News
09.04.2013
Planting the Hardscape
A Mies-designed plaza in Chicago turns green and cozy.
Landscaping aims to make a Mies plaza feel like a lush park.
Courtesy Ted Wolff Landscape Architects and Goettsch Partners

Plans for an aging Ludwig Mies van der Rohe plaza in downtown Chicago are not so much an update as a transformation. In renderings from Wolff Landscape Architects and Goettsch Partners, amoeba-like forms wrap around Mies’ black steel columns, bearing lush berms three to five feet high.

“We wanted to provide more circulation and programming,” said designer Ted Wolff. “But the main thing is the feeling. It should be more park than plaza.”

When landlord Reit Management & Research acquired the building in 2010 and 2011, they recognized the need for renovations. Water damage threatened parts of the structure as well as the terrazzo plaza linking East Wacker Drive and North Michigan Avenue. Stairs connecting the Water Street entrance with the plaza overhead had been closed years ago due to water damage, further obscuring an already underused gateway between Michigan Avenue and North Stetson Avenue to the east.

Since the stairs closed, high-rise construction has recast the area east of Michigan Avenue as Chicago’s “New Eastside.” As a logical link to Michigan Avenue, the restored plaza could serve as a new entryway to the neighborhood.

 

Although they share a public space, 233 North Michigan Avenue (whose entrance actually sits just east of Michigan on Water Street) and 111 East Wacker Drive span three floors. At 30 and 35 stories tall, the towers cast shade on the plaza for much of the day, creating a sense of coldness on the flat expanse.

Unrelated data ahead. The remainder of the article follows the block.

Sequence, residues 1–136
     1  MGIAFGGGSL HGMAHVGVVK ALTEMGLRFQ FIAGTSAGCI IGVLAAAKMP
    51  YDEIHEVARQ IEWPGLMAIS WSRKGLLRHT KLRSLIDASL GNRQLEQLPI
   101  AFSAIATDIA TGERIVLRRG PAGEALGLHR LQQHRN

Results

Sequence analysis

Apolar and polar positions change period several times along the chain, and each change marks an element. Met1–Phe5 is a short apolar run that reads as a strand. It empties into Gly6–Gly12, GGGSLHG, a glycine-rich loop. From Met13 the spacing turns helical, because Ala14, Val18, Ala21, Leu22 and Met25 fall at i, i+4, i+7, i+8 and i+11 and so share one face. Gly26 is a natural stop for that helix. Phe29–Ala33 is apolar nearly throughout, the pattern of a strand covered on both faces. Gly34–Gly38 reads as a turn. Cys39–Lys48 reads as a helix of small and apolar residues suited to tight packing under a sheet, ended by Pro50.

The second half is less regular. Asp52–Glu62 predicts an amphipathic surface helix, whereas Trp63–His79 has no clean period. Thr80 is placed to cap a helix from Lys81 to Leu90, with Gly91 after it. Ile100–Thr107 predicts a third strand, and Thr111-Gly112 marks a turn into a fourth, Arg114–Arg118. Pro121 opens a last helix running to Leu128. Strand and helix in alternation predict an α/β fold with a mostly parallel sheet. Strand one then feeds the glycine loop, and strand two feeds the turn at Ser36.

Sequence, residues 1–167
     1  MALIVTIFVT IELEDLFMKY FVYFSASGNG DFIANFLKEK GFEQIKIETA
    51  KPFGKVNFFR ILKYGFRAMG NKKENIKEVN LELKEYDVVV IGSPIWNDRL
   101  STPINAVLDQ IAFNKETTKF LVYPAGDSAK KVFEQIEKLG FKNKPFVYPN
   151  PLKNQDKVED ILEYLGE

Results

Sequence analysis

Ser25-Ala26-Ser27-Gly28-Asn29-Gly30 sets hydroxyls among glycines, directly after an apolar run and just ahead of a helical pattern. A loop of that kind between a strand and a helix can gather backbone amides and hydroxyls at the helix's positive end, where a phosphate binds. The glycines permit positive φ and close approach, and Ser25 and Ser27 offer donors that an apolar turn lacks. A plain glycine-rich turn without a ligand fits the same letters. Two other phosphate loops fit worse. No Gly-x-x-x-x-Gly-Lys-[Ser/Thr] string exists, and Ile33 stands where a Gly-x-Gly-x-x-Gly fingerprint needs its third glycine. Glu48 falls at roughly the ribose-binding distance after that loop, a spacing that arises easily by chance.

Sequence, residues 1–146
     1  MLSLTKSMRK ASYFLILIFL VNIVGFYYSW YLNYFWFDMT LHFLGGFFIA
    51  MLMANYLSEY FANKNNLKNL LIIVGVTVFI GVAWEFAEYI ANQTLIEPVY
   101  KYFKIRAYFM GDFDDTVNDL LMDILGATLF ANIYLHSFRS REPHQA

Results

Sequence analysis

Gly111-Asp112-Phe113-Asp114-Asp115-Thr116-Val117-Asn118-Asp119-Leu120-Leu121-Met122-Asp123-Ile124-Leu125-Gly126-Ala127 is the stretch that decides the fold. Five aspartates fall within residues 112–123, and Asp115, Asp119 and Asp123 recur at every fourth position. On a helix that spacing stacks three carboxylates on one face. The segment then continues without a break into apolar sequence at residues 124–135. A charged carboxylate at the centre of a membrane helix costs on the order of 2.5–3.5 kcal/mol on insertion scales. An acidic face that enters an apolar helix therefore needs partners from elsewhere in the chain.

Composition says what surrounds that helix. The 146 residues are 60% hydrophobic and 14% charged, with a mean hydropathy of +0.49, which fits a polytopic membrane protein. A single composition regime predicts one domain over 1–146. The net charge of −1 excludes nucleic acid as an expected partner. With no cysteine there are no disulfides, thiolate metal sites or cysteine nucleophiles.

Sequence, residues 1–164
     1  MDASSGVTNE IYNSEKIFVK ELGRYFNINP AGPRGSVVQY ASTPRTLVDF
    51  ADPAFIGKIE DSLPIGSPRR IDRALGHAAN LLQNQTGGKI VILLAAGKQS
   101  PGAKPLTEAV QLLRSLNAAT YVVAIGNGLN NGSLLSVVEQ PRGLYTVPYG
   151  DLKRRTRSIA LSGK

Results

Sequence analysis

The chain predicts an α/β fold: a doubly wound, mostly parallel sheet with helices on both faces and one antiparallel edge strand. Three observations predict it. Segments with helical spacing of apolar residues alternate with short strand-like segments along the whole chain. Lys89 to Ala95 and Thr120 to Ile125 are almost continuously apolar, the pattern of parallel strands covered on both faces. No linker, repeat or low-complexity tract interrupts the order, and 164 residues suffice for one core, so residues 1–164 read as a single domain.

“We feel these buildings are so powerful,” said Wolff, “but there are design problems, and they’re not going to be solved by praying at the altar of Mies.”

The landscaping features shade-tolerant plants like wild ginger, common periwinkle, ward’s yew, and apple serviceberry. A fire pit, free wifi, and movable, brightly colored furniture are among the plaza’s enticements to linger in what has been largely a throughway for office commuters. The design’s varied amoeba-like forms adhere to a rigid geometry with radii of 4, 8, 16, or 32 feet.

The landscaped forms rise three to five feet in the middle, high enough to obscure a seated person’s view and convey the coziness of a park. Movable furniture affords visitors a little control of where they sit and red pavers accent some portions of the concrete walkways.

The project announces its presence on Michigan Avenue with an LED-backlit “Illinois Center” sign placed where the building’s lower levels straddle Water Street. Renovations also include consolidating the Americans with Disabilities Act–compliant entrance with the building’s main vestibule on Water Street.

Construction is underway. A partial opening is planned for this winter. A full opening is planned for spring.

Chris Bentley